Prescription Drug

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What is Part D and why do I need it?

 

Medicare Part D, also known as a Medicare Prescription Drug Plan (PDP), is a federal-government program created to subsidize the costs of prescription drugs and prescription drug insurance premiums for Medicare beneficiaries.  It was enacted as part of the Medicare Modernization Act of 2003 (MMA) which also made changes to the Medicare Part C health plan program and went into effect on January 1, 2006.


The two ways to get Medicare prescription drug coverage are by enrolling into:

  1. a stand-alone Medicare Prescription Drug Plan (Part D) which can be used in conjunction with a Medicare Supplement or Medicare Advantage Plan (Part C) which does not have Medicare prescription drug coverage.
  2. a Medicare Advantage Plan (Part C) such as an HMO or PPO that offers Medicare prescription drug coverage (Part D).  These plans are known as Medicare Advantage Prescription Drug plans (MAPD).


Each Medicare Prescription Drug Plan has its own list of covered drugs (called a formulary) and has its own rules and limitations. Below are some of the more common rules and limitations which can vary between Part D plans:


  • Formulary - Many Part D plans place drugs into different "tiers" on their formularies and can change during the year within guidelines set by Medicare.  A drug in a lower tier will generally cost less than a drug in a higher tier, but that is not always the case.  If a drug is on a higher tier and your prescriber thinks you need that specific drug instead of a similar drug on a lower tier (typically the generic), you and/or your prescriber can ask your Part D plan for an "exception" to get a lower copayment.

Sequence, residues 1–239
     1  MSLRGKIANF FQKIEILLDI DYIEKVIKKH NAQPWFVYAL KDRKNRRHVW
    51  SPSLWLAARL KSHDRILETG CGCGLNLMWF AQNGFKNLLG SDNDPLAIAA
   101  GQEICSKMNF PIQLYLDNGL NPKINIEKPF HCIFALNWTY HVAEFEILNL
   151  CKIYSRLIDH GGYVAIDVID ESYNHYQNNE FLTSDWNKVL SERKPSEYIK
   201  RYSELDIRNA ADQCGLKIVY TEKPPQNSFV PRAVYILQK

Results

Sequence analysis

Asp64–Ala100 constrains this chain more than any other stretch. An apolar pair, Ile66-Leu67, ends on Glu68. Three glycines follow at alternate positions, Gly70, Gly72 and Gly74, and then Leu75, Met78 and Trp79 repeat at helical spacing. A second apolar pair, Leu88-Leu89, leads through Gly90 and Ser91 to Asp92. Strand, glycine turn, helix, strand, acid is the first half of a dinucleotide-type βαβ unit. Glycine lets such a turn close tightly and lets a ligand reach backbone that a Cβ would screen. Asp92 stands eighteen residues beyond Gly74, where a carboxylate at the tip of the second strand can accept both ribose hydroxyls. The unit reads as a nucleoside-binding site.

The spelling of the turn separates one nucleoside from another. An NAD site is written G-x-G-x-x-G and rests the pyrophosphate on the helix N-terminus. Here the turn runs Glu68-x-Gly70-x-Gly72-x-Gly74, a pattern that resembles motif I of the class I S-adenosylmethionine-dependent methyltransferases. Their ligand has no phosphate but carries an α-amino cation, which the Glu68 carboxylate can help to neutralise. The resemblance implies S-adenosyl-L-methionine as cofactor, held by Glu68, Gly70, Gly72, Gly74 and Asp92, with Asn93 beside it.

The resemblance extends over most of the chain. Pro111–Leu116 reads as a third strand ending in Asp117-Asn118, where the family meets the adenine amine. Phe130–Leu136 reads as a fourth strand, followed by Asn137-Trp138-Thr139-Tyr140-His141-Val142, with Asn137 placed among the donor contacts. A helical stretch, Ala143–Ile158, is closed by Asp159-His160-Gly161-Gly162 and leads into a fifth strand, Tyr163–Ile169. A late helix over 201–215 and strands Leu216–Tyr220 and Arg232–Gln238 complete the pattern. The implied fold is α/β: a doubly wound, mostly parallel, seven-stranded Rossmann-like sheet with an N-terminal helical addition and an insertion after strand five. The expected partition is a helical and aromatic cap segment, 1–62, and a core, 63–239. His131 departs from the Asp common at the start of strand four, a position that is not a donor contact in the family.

• Prior authorization (PA) - You and/or your prescriber must contact the Part D plan before you can fill certain prescriptions.  Your prescriber may need to show that the drug is medically necessary for the Part D plan to cover it.
  • Quantity limits (QL) - Limits on how much medication you can get per (re)fill and typically applies to controlled substances and mail order delivery is not applicable.
  • Step therapy - You must try one or more similar, lower cost drugs before the Part D plan will cover the prescribed drug.
  • Part B vs. Part D drug coverage - In most cases, the prescription drugs or vaccines you receive in a hospital  or doctor's office are covered by Medicare Part B.  Those prescription drugs commonly received at the pharmacy or through mail order (sometimes called "self-administered drugs" that you would normally take on your own), are covered under your Medicare Part D plan.